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Appeals court sides with Alameda County in gun-rights case

In a gun-rights case, a couple who had sold guns for years at the fairgrounds sued after Alameda County passed an ordinance banning firearms from public property.

May 03, 2011|By Carol J. Williams, Los Angeles Times

Local governments have a legitimate purpose in keeping guns out of public places, a federal appeals court ruled Monday in a gun-rights case that has been in dispute for a dozen years.

Gun show promoters Russell and Sallie Nordyke brought a lawsuit after Alameda County officials passed an ordinance in 1999 prohibiting firearms and ammunition from public property, including the county fairgrounds where the couple had displayed and sold guns for years.

The Nordykes alleged that the county law infringed on a citizen's constitutional right to bear arms, as well as the right to free expression in displaying the guns. They also argued that it threatened to encourage the banning of gun shows from fairgrounds across the state.

A three-judge panel of the U.S. 9th Circuit Court of Appeals upheld a lower court's ruling that the ordinance was aimed at improving public safety and didn't substantially infringe on citizens' right to keep and bear arms on their own property for self-defense.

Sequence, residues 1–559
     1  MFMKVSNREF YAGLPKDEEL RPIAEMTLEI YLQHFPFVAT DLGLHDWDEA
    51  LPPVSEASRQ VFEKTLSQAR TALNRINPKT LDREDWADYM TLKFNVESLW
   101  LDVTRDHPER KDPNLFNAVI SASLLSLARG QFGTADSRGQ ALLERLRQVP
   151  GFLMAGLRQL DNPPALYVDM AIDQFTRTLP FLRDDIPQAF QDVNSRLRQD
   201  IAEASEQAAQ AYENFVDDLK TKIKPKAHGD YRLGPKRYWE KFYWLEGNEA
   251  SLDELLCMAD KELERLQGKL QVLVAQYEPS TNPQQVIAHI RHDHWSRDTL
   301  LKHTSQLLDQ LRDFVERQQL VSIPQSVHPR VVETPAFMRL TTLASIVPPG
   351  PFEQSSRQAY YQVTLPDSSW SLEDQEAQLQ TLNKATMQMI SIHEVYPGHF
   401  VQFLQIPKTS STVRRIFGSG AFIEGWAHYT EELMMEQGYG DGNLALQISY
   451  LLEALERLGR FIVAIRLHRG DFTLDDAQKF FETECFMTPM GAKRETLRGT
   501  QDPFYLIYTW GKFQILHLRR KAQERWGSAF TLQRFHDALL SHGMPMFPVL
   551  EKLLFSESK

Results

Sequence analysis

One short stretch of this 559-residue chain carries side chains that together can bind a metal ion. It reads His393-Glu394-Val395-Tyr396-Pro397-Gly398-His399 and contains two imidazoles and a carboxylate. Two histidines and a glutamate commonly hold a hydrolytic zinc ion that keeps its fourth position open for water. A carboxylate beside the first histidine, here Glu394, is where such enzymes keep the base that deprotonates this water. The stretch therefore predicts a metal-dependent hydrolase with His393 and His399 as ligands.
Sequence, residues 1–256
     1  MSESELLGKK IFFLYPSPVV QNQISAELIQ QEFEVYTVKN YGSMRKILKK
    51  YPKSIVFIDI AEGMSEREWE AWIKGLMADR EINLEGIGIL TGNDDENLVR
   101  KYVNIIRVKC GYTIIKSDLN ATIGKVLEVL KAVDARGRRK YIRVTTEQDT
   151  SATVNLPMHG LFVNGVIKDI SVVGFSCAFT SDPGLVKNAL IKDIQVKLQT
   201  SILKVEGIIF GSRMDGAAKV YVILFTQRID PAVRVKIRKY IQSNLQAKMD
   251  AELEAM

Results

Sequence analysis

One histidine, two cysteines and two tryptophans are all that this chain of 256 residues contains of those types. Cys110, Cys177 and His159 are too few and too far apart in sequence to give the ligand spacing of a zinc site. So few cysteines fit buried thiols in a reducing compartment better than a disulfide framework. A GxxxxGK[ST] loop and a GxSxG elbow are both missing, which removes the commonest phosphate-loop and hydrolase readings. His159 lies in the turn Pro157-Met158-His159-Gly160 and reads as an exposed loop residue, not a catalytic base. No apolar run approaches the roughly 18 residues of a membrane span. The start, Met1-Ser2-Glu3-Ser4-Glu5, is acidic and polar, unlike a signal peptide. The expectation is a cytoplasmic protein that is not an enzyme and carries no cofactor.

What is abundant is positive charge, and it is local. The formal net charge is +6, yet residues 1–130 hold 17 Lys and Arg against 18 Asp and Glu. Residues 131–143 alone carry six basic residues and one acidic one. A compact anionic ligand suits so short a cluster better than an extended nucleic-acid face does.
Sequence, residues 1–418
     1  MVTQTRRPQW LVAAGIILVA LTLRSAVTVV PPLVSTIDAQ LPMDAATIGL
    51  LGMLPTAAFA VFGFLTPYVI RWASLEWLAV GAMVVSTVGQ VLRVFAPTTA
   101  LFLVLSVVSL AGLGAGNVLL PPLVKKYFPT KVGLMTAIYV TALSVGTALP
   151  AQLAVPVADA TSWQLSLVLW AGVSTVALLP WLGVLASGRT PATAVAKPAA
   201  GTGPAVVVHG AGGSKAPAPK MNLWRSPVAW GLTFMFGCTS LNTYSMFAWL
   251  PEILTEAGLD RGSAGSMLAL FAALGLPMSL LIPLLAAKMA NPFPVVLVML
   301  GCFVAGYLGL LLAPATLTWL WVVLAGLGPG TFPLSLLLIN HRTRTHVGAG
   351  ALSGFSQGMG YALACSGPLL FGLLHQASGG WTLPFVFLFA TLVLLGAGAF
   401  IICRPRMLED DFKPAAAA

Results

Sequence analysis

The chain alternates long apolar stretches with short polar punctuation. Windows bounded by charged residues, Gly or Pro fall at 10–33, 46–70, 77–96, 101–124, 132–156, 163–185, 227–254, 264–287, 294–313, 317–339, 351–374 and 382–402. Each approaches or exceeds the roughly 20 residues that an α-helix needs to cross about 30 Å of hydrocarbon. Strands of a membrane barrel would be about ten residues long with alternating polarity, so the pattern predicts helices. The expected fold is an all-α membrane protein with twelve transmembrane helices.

The case has moved up and down the federal court chain since the suit was filed in 2004, as judges have repeatedly been asked to review the ordinance's constitutionality in light of Supreme Court rulings on gun-control laws elsewhere. In 2008, the high court quashed a District of Columbia ban on handguns as an infringement of 2nd Amendment guarantees.

The Alameda ordinance didn't prohibit gun shows "but merely declined to host them on government premises," said the opinion written by Judge Diarmuid F. O'Scannlain, one of the court's more conservative members.

In view of the recent more vigorous defense of 2nd Amendment rights by the Supreme Court, it appeared likely that the 9th Circuit decision would be appealed to a full 11-judge en banc panel or to the high court.

"The case isn't over," said the Nordykes' attorney, Donald Kilmer. "I'm still talking with my clients, but it's just a question of whether we go up to an en banc rehearing or to the Supreme Court or back to the district court."

carol.williams@latimes.com

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